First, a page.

$2 million awarded to help prevent antibiotic resistance
Funding is part of $14 million awarded by CDC to curb growing threatJames Archer/Centers for Disease Control and Prevention
Four research teams at Washington University School of Medicine in St. Louis have been collectively awarded nearly $2 million for research aimed at combating the growing threat of antibiotic resistance. The funding focuses on finding new approaches to fight drug-resistant germs, including research to understand how “friendly” microbes that live in and on the human body could be used to prevent infections caused by drug-resistant organisms.
The funding is part of $14 million awarded by the Centers for Disease Control and Prevention (CDC) to 25 academic medical centers as part of the agency’s Antibiotic Resistance Solutions Initiative. According to the CDC, an estimated 2 million people in the U.S. fall ill each year from infections that are resistant to drugs, and 23,000 of them die from those infections.
“Antibiotics are life-saving medicines, but they also can disrupt a person’s microbiome and increase the risk for drug-resistant infections,” said Clifford McDonald, MD, associate director of science for the CDC’s Division of Healthcare Quality Promotion. “To protect people, their microbiomes and the effectiveness of antibiotics, this project is an example of applied research that has the potential to produce innovative public-health approaches to better combat antibiotic resistance.”
Washington University counts antibiotic resistance as one of its major research strengths, said Jeffrey Henderson, MD, PhD, an assistant professor of medicine and of molecular microbiology. “The CDC grants build upon this.”
Henderson is principal investigator of a $498,427 grant included in the $2 million total. He will lead a group of clinicians, chemists and mathematicians to identify how diet, metabolism and intestinal microbes interact to protect against gastrointestinal infections with a nasty bacteria called Clostridium difficile. Such infections can occur after prolonged antibiotic use and can cause severe diarrhea, fever, intestinal pain and, in some cases, death.
“Clostridium difficile infections are an urgent medical problem that are often, paradoxically, caused by antibiotic use and are difficult to treat,” Henderson said. “We have an opportunity to learn from our patients who were at risk of Clostridium difficile infection yet didn’t become ill.”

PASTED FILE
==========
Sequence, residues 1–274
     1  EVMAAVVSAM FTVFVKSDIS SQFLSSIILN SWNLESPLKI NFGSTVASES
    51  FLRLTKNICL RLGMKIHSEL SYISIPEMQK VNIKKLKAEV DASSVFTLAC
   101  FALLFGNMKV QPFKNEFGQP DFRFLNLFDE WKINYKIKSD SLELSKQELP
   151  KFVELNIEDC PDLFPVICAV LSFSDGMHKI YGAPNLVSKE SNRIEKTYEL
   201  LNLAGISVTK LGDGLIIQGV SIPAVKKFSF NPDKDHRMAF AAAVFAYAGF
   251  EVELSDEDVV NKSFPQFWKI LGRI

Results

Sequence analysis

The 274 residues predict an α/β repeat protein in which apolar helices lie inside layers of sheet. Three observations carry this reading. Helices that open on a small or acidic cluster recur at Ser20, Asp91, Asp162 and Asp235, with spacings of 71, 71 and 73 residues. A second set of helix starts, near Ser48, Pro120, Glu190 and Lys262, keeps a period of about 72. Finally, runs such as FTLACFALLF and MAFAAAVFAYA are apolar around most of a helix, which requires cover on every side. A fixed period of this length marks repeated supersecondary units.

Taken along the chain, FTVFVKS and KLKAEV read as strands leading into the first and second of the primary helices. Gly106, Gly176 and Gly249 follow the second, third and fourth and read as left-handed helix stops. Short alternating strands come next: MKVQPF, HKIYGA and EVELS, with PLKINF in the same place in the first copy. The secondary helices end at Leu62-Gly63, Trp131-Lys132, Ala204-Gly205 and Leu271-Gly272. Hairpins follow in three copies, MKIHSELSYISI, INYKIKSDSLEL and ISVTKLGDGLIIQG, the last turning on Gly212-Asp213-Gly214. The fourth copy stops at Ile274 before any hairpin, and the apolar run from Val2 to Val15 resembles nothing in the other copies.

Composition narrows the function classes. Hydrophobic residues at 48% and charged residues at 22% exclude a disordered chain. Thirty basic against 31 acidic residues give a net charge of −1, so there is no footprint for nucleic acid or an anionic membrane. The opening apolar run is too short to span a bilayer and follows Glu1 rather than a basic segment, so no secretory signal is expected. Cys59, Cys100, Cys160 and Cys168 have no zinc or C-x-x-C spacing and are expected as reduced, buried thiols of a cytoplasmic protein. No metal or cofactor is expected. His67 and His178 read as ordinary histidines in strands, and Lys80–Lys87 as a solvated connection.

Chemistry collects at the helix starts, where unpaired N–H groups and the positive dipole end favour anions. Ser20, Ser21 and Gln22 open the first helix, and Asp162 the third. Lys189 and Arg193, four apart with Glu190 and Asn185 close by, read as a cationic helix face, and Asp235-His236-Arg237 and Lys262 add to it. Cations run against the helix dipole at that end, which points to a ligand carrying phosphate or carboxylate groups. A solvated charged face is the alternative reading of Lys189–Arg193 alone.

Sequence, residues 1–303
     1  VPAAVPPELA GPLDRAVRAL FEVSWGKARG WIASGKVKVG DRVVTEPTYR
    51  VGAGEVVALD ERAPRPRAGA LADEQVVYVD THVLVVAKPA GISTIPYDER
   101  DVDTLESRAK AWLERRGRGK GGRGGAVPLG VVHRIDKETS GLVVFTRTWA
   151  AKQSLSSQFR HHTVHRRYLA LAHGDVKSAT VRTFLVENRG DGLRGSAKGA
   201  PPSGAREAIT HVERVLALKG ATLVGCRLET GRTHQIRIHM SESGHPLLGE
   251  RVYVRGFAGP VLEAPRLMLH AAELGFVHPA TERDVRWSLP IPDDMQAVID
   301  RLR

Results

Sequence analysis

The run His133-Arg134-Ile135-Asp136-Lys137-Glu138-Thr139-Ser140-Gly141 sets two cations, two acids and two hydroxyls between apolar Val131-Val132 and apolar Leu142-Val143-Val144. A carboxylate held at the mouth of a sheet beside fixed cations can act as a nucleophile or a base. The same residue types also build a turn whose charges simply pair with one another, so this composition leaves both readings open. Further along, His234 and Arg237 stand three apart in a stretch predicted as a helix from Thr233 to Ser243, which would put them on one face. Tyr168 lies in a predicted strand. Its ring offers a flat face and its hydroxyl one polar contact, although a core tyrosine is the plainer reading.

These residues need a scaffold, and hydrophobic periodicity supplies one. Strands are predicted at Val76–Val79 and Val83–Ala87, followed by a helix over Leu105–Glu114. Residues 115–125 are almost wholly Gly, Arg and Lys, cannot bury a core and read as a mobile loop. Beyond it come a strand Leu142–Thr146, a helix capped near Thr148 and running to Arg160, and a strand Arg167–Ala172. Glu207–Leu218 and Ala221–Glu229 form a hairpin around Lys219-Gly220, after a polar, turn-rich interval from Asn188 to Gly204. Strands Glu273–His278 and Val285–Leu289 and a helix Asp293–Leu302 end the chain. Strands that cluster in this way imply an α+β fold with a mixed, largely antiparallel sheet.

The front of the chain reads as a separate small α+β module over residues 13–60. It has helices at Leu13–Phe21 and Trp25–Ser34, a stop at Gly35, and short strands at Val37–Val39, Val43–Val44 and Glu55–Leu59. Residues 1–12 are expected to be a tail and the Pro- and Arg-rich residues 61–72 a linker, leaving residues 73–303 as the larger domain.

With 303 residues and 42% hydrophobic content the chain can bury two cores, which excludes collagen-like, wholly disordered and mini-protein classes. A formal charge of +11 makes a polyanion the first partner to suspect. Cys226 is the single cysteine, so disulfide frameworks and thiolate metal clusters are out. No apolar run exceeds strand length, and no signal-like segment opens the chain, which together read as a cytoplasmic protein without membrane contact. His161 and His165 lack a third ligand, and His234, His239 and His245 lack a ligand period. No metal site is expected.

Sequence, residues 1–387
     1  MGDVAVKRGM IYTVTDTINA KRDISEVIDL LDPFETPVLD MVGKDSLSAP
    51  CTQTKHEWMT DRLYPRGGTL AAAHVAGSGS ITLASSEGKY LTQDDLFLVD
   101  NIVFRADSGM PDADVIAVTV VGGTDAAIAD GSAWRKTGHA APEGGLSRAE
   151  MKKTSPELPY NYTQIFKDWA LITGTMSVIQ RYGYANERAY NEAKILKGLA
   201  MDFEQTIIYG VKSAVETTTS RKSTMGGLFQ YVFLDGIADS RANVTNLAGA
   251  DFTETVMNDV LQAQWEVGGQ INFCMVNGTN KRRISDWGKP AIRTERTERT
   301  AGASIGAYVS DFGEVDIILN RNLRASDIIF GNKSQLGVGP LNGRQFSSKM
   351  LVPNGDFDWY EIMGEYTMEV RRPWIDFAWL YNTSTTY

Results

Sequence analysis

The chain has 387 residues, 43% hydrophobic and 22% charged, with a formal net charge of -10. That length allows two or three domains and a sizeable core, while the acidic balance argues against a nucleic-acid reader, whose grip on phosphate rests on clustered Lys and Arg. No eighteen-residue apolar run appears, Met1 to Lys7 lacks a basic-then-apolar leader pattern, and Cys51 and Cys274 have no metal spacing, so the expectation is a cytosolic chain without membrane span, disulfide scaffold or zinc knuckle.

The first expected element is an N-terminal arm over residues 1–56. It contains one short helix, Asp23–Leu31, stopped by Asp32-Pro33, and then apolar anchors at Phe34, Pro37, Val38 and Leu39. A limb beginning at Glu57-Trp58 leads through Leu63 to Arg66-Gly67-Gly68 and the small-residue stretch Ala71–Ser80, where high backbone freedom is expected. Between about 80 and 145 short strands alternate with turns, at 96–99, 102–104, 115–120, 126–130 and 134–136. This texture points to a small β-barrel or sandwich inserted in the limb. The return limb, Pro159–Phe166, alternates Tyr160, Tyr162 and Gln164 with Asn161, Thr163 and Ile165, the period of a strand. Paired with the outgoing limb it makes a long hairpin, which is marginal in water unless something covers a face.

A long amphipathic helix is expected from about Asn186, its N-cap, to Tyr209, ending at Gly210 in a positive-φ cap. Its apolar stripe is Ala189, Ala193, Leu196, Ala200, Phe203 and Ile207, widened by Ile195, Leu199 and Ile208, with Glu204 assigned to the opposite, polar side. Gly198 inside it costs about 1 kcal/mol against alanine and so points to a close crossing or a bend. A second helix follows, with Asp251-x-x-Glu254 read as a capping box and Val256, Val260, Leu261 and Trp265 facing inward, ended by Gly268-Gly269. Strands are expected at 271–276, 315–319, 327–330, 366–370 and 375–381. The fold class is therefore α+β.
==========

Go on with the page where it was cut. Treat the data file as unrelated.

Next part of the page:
In addition to Henderson’s research, the following three projects will be conducted by Washington University researchers at Barnes-Jewish and St. Louis Children’s hospitals:
- A $490,499 award to research the long-term effects of early-life antibiotic therapy in premature babies, with a focus on understanding how the drugs affect the development of the gut microbiota and the mobility of antibiotic-resistance genes. The principal investigator is Gautam Dantas, PhD, an associate professor of pathology and immunology, of biomedical engineering and of molecular microbiology.
- A $449,417 award to understand the extent and duration of microbiome disruptions observed during and after usual courses of antibiotics used to treat community-acquired pneumonia. The principal investigator is Jennie H. Kwon, DO, an instructor of medicine.
- A $492,529 award to analyze data in medical records to identify hemorrhages related to the use of blood thinners, their risk factors and optimal treatments. The principal investigator is Brian Gage, MD, a professor of medicine.
“Antibiotic resistance is a critical global public-health issue,” Kwon said. “The major risk factor for the development of drug-resistant organisms is the overuse of antibiotics. A better understanding of how antibiotics alter the microbiome is necessary to guide future efforts to prevent the spread of drug-resistant germs and encourage more effective antibiotic stewardship.”